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I am having trouble understanding the concept of implicit differentiation. Can anyone explain it in simple terms?

Mathematics
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1) differentiate left side 2) differentiate right side 3) isolate y' 4) substitute y (if possible)
can you give an example @lgbasallote ?
simplest explanation i have ever seen is in the video here http://patrickjmt.com/ i cannot link directly to the video, but it is in the calculus section and very easy to understand

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Other answers:

a good example would be \[y = a^x\] classic
note: a is a constant and x is the variable you wanna differentiate
i saw that same video @satellite73 . it was okay-i tied to apply the same thing to a problem my professor gave me and i totally stalled :-(
for example: ysinx+x^2y^2=2x
first term -> use product rule second term -> use product rule derivative of 2x would be 2
think "\(y=f(x), y'=f'(x)\) and use the product and chain rules where needed
product rule on ysin x would be... \[y(\cos x) + y' \sin x\] try product rule on second term
when i said second term i meant X^2 y^2
so..... dy/dx sinx+ycosx+2x2y=2?
not exactly....you use power rule on x^2 y^2
*facepalm* product rule...darn these p's
so the product rule on x^2y^2 would be 2xy^2+x^2(dy/dx) ?
not exactly...second term would be x^2 (2y)(dy/dx)
now combine all the info
wait...how is y^2 becoming 2y if your doing the product rule (f'g+fg')...
second term would be x^2 multipled to derivative of y^2 right?
derivative of y^2 is 2y (dy/dx)
what im saying is that, if g(x) is y^2, the product rule calls for one of the g(x) not to become the g'(x)...so wouldnt one of the y^2 stay the same?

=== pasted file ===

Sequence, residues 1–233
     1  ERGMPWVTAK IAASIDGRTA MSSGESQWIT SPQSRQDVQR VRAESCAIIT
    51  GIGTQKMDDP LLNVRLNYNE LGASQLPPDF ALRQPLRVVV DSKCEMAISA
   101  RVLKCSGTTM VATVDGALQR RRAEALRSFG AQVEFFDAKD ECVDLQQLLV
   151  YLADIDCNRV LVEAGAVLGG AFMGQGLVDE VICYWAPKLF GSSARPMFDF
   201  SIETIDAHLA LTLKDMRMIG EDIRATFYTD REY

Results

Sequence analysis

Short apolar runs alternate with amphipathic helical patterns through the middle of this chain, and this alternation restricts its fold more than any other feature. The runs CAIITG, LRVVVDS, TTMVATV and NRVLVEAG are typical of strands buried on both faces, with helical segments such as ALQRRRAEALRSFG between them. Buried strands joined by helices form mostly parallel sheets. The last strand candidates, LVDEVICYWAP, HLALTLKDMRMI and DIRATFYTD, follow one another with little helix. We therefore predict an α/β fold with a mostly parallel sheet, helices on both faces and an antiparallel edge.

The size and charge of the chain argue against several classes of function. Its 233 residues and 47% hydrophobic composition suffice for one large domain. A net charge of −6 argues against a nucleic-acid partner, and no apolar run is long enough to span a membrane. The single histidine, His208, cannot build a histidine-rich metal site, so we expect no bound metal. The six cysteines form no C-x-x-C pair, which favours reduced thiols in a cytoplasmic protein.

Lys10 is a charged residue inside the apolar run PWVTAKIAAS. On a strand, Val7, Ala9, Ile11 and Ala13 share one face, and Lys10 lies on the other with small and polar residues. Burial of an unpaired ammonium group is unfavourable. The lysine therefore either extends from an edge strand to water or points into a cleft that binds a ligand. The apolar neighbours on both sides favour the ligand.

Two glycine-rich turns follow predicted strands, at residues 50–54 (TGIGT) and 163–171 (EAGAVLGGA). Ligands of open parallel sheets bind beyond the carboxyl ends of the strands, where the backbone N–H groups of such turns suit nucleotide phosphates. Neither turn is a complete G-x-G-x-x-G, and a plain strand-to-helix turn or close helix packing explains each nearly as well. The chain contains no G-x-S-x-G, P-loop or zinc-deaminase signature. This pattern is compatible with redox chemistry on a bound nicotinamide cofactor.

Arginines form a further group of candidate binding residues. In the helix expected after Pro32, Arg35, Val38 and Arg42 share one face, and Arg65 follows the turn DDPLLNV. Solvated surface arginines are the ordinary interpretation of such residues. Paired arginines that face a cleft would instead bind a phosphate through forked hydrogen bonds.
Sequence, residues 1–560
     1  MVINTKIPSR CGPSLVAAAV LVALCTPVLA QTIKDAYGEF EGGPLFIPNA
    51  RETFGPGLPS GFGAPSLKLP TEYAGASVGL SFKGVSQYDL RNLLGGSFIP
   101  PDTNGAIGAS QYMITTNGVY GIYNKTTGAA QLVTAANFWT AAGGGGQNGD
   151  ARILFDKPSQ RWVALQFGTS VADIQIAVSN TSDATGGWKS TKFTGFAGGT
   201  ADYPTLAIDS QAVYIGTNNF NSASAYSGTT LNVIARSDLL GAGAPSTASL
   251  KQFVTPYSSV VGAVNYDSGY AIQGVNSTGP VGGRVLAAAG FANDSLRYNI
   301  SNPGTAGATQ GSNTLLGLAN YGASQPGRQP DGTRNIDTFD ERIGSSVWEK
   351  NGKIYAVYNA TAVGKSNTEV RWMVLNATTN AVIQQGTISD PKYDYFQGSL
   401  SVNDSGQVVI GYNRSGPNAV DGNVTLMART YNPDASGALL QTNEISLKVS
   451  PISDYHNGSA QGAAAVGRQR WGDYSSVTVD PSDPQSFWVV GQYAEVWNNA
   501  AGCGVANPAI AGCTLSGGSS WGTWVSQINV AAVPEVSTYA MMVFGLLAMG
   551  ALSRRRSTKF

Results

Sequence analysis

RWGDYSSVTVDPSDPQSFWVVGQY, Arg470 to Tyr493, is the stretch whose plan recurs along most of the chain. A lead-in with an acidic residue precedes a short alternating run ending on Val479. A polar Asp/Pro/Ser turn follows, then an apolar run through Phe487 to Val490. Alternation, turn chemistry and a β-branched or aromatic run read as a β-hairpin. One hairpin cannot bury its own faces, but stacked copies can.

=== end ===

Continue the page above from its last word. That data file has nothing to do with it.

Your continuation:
y^2 stayed the same in 2xy^2
in the second term x^2 remains the same
im still not getting the concept (im a bit slow tonight, sorry)
by "second term" i am following your answer you said "so the product rule on x^2y^2 would be 2xy^2+x^2(dy/dx) ?"
2xy^2 is correct...you held y^2 constant then took the derivative of x^2 for the second term you held x^2 constant but took the derivative of y^2 wrong
derivative of y^2 is not simply dy/dx...it's 2y(dy/dx)
ohhhh okay! now i understand...so anytime you take the derivative of y...its not only its derivative but you put dy/dx at the end of it
that's pretty much it....so now combine all the info
i mean add the derivative of ysinx and the derivative of x^2y^2
so its: dy/dx sinx+ycosx+2xy^2+x^2 2y(dy/dx)=2
yep you got it...now bring to the right side all the terms that doesnt include dy/dx
sooo dy/dx sinx+x^2 2y(dy/dx)=2-ycosx-2xy^2 so far
so is it: dy/dx=2-ycosx-2xy^2/sinx+x^2 2y ?
yep...i dont suppose you can put y in terms of x so i guess that's the final answer...can you confirm @satellite73 ?
NICEEE :-D I never got this concept until now. Thanks so much for helping me out with this @lgbasallote . I will not close the question until @satellite73 responds to your query.

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